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What does "OBG" mean to Millville? Just about everything: Must Win
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MUST WIN

What does "OBG" mean to Millville? Just about everything: Must Win

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Millville vs. Pennsauken football_2584.JPG

Football coach Dennis Thomas, right, left his alma mater, Salem High School, to take the Millville job in 2015. 

The chant is heard before and after every Millville High School football game.

“OBG,” the Thunderbolts shout, “OBG.”

What does it stand for?

Orange and blue gang.

What does it mean?

Just about everything to Millville.

OBG means it’s time for the Thunderbolts to go to work.

“Strap up that helmet,” Millville standout running back LeQuint Allen said. “It becomes a brotherhood.”

OBG also means the Thunderbolts belong to something bigger than themselves.

“It’s identity,” Millville coach Dennis Thomas said. “It’s a culture thing. We focus on fostering a culture on the practice field that says, ‘Hey, we are a family.’”

The OBG chant is louder than ever this season. Top-seeded Millville (9-1) will host second-seeded Ocean City (11-0) 6 p.m. Friday for the South Jersey Group IV title. The Thunderbolts are trying to win the third sectional title in the program’s history and the second since Thomas took over as head coach in 2015.

Thomas came up with OBG four years ago. Orange and blue are the school’s colors. Thomas’ twitter handle is @OBGfootball. The players and coaches often use the hashtag #OBG in their social media posts.

“Millville has been orange and blue for a long time,” Allen said. “Not just in high school but the younger kids coming up, they can be OBG too.”

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Millville can be a tough town. In May, the community held a meeting at Captain Buck Park to discuss gun violence after a shooting during a party in nearby Fairfield Township. It can be tempting for teens to go down the wrong path. OBG signals there’s another way.

“It’s about choosing the field over the streets,” Thomas said. “If they do the right things on the field, if they do the right things in the classroom, those guys are going to have an opportunity to move on to college. We give them the option of being a part of our group, our gang, and not the street life.”

With the pandemic and everything else that has gone on in the world the past two years, all high school athletes need something positive to latch on to.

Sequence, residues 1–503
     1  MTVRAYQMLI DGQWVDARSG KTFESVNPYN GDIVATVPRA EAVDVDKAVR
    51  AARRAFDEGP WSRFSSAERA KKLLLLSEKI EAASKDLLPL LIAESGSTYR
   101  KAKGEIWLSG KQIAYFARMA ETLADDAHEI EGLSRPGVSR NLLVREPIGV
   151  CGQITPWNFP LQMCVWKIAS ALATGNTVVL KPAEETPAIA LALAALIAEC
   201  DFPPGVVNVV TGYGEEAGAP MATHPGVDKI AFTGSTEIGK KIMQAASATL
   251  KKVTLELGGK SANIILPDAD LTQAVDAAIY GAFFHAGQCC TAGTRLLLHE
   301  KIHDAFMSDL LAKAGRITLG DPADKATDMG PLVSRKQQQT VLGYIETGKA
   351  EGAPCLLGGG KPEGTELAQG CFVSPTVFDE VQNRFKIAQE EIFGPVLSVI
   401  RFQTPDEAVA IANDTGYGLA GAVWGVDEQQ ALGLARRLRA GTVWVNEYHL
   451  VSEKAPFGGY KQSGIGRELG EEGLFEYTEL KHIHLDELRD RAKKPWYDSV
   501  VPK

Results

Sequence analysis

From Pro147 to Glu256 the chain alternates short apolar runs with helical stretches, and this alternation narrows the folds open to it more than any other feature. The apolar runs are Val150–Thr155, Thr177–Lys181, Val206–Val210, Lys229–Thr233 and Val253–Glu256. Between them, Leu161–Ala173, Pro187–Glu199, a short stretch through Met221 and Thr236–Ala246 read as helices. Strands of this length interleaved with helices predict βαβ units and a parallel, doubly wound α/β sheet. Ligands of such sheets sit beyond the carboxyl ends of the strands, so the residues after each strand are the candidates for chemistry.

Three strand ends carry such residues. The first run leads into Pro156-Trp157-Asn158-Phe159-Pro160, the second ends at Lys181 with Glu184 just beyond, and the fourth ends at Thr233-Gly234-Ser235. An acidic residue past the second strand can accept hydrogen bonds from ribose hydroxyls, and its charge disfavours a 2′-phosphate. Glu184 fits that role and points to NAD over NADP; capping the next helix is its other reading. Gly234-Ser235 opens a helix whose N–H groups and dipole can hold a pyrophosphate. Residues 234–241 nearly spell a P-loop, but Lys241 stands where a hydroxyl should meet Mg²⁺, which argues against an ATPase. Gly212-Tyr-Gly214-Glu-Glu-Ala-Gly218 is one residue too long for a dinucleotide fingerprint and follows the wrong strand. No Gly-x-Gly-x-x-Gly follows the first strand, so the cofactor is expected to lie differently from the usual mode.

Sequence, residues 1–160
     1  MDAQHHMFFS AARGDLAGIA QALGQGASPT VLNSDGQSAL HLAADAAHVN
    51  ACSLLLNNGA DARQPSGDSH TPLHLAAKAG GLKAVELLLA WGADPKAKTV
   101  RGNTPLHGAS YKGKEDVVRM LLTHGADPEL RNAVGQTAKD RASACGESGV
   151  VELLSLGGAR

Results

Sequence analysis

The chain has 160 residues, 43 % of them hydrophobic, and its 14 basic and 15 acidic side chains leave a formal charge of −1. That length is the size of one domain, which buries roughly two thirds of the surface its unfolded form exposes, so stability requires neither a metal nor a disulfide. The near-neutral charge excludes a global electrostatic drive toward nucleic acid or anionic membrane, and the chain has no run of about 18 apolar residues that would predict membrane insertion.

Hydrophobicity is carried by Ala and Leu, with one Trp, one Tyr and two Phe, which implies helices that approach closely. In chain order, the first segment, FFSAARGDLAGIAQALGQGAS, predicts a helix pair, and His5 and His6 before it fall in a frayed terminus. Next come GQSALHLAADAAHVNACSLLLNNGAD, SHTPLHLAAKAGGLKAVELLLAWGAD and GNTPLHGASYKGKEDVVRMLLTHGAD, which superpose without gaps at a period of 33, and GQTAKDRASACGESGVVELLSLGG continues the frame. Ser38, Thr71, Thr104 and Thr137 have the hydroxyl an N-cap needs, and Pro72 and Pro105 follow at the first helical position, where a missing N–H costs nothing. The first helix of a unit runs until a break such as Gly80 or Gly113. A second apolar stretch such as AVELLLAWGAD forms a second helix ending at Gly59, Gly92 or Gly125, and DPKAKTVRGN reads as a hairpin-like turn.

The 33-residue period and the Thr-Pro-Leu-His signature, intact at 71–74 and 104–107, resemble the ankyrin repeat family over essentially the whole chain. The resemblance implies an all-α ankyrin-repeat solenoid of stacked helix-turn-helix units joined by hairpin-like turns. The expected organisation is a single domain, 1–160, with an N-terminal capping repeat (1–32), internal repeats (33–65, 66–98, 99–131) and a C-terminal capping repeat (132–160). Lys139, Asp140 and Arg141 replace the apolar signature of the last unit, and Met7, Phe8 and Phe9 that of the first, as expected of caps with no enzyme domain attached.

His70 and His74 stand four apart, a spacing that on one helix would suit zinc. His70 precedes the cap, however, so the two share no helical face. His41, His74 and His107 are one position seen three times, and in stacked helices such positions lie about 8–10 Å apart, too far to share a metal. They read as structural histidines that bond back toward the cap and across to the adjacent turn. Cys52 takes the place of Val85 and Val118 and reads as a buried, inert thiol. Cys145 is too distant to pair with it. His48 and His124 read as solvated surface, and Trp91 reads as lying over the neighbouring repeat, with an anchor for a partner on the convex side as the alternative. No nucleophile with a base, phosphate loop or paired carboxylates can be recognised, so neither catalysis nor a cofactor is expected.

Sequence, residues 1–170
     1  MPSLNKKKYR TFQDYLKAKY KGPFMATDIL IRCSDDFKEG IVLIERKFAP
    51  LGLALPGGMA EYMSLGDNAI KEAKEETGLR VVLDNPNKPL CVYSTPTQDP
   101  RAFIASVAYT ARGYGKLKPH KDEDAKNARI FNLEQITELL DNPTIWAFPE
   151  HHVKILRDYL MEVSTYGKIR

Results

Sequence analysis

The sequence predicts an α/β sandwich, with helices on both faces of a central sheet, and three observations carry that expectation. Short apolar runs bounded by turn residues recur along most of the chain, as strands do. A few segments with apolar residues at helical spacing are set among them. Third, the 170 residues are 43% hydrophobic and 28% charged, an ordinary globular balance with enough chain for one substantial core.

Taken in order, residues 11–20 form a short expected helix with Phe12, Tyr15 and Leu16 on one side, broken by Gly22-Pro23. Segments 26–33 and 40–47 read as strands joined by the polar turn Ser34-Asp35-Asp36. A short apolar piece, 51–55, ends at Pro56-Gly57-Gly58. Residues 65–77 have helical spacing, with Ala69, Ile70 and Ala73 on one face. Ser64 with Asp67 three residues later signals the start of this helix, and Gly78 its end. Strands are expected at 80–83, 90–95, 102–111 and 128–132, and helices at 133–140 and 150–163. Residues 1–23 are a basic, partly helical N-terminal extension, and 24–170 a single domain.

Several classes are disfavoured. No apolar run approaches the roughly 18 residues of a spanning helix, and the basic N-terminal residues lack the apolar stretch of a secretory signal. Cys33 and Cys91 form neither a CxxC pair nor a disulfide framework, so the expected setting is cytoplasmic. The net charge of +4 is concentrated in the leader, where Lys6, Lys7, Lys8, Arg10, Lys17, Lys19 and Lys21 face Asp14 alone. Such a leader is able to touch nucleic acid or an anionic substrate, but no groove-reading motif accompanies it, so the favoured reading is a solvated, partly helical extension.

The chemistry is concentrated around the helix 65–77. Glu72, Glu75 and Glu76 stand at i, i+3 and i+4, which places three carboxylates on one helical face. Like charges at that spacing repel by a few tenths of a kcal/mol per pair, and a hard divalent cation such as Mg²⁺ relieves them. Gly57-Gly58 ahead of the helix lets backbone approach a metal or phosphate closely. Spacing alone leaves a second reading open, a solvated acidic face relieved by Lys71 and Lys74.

“There’s a lot of tough things going on,” Thomas said. “I believe the reality is every kid wants to be a part of something. We try to make sure that we give them something to be a part of. That’s what OBG is. Come and be a part of OBG.”

Some of the state’s most talented players are a part of OBG this season. Running back and Syracuse University recruit Allen has rushed for 1,441 yards. Senior quarterback Nate Robbins (2,102 passing yards) is the first player in school history to throw for more than 2,000 yards in a single season. Freshman wide receiver Lotzeir Brooks already has scholarship offers from eight schools, including SEC power Texas A&M, Rutgers and West Virginia. Pittsburgh and Temple are among the schools to offer sophomore wide receiver Ta’Ron Haile a scholarship.

Millville averages 45.3 points and has scored more than 50 in both of its playoff wins. The Thunderbolts traditionally play one of South Jersey’s toughest schedules.

“I want our schedule as rigorous as possible,” Thomas said. “What it does is prepare us for times like this.”

The OBG chant also prepares the Thunderbolts for game day.

“When they hear that OBG,” Thomas said, “everyone knows ‘Oh man, here they come.’ ”

Thomas embodies the OBG mantra in his interactions with the Thunderbolts. He is a charismatic, enthusiastic, intense coach, who always seems to be upbeat and positive.

He’s confident the Thunderbolts are prepared for Friday.

“They know what’s on the line,” Thomas said of the Millville players. “They know the ramifications of this game. I believe they’re going to go after it and give it 100 percent.”

That is the OBG way.

Mike McGarry’s Must Win column runs in Friday’s Press of Atlantic City.

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